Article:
Before You Say 'I do'

Marriage is not a necessity of life, no matter how many people try to convince you that it is.

Before You Say 'I do'

Marriage is a promise that, in this day and age, cannot be kept. There are several reasons for this, one of the simplest explanations is that over the span of a lifetime, people are subject to change. This is nobody’s fault; it's just basic human nature.

Many people choose to marry when they are in their twenties. So say for example a person married at the age of twenty-four, and this person’s average lifespan is seventy-nine years. How likely is it that this person is not going to change emotionally, physically, mentally or spiritually over fifty-five years? As people we never actually stop growing. We maybe stop growing physically, but emotionally, mentally and spiritually we are forever changing.

So if a twenty-four-year-old got married, having been to university and spent the majority of their life in education, they would only have roughly two to three years experiencing the ‘real world’ on their own. Not to mention the length of time of the relationship before the marriage. Many people don’t understand the importance of experiencing life on their own, or even see it as an option against a legal attachment to someone and sharing every experience with them. Which means that if and when their relationship ends (divorce or death), they are left feeling incredibly lost or lonely, and often causes people to have severe anxiety or depression. Some may even start frantically looking for another partner to attach themselves too, like they are on a timer, and because they are in such a rush they can end up with the wrong person. This happens because people think it’s better to be in a relationship, even a really bad one, than be alone.

Spoiler Alert: It’s not.

Being on your own, being single, is incredibly liberating. You do not have to compromise on decision, comply with someone else’s way, adapt to their lifestyle, or change your thoughts or opinions to avoid an argument. This is not to say that you can’t learn a lot from other people, of course you can, but you can also learn a lot from yourself. Many people don’t even try.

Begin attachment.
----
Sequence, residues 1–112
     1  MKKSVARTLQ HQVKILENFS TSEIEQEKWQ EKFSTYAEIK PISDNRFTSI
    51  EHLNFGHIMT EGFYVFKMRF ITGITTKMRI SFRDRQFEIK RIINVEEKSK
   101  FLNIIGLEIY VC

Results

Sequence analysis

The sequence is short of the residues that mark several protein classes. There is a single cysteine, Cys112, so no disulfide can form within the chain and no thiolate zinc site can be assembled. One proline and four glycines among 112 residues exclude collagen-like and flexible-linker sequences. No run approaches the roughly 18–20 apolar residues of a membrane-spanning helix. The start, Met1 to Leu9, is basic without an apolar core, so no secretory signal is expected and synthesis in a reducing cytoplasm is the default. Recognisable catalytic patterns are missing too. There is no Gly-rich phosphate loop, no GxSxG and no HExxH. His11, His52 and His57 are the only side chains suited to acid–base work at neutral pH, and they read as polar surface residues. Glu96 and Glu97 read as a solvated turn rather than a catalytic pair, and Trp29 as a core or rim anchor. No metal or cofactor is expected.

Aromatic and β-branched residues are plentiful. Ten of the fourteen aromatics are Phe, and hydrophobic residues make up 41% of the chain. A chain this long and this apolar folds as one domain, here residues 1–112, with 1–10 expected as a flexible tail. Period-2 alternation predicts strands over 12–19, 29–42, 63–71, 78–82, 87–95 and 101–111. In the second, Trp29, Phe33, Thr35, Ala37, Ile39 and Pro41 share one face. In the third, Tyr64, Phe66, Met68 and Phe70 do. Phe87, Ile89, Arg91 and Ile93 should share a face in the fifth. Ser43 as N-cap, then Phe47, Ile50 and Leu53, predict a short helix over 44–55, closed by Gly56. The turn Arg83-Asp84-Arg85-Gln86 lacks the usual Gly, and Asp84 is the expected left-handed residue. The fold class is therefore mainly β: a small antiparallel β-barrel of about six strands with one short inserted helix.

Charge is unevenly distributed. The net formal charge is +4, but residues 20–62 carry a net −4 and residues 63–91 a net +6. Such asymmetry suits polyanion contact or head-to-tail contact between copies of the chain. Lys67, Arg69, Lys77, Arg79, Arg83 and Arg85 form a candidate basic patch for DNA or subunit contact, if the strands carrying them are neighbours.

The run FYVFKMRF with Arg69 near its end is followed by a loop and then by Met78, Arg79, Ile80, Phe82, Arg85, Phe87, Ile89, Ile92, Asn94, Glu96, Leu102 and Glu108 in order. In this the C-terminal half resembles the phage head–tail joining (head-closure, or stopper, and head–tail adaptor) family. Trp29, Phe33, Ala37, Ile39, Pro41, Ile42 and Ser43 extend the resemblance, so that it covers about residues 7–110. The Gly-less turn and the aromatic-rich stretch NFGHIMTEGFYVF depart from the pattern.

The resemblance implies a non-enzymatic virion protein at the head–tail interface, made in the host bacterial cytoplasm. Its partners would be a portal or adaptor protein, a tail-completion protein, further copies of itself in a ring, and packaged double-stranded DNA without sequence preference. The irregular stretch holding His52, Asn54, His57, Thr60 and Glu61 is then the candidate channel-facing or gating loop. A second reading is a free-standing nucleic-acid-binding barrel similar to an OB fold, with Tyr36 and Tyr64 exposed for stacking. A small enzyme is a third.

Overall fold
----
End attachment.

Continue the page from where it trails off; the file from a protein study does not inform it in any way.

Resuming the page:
Knowing yourself, learning what you like and what you don’t, what you believe, what you want, or how you feel, without outside interference, is really important for knowing who you are as an individual. Once you know who you are, and are confident with who you are, then everything else becomes a little easier.

It was not until I was twenty-one that I realised I don’t have to get married and have kids. I grew up thinking that all of that was just a give in. It might be because I was brought up in a small town, or because my parents met when they were nineteen and twenty-one, or because I constantly heard sayings like “You’ll understand when you have kids” and “You’ll need to marry a rich man to have a life like that”.

Marriage and babies were never proposed to me as an option. It was an assumption.

How marriage was not about love, but in fact about property and money

People don’t seem to remember - or like to forget - that marriage was not originally about a loving union. Marriage, in its beginning, was about bringing families together to increase money and obtain land. The people set up in the marriage would get no say in the matter, and that was the case up until the 18th century.

Its admirable that people managed to romanticise the concept. Although arranged marriages actually still exist in some cultures to this day. Marriage is now thought of as a celebration of love, but in its core, it is still about combining assets: money and property. If you really think about it, marriage is not a necessity for love, you can love without it, but marrying someone ultimately protects you financially, which is why a lot of people do it.

Marital traditions that have been romanticized, but are actually incredibly dark

On top of land and money, marriage was about the transference of property, namely the woman. The ceremonial tradition of a father ‘giving her away’ (walking her down the aisle) to her husband, is a tradition because the daughter was owned by her father, and once married would be owned by her husband. This transferal also included any property the women owned, whether land, money, or their future children. So the tradition of giving a bride away was transferring her from one master to another. I can say with absolute confidence that if I ever marry, I will be walking down that aisle alone. I highly recommend watching the ‘Economic Proposition’ speech from Little Women (2019).

Another marital tradition is to ‘carry the bride over the threshold’. Nowadays that tradition is to carry her through the front door of the marital home, a superstition of good luck. In ancient times however, when a woman had no say in who she married and was unwillingly forced into the union, she would have to be physically carried into the bedchamber - most likely kicking and screaming. Not so romantic now, is it?

The veil. Now this one I only learned about recently. The tradition of the bride’s veil was that she would wear it over her face as she walked down the aisle and throughout the ceremony, until they were pronounced man and wife. The reason for this, was that marriages used to be arranged by the parents, and the veil was a way to shield the bride’s face from the groom in case he thought her ugly and resulted in him not agreeing to the union. I’m not even sure where to begin ranting about that.

How marriage actually ruins love and romance (unintentionally)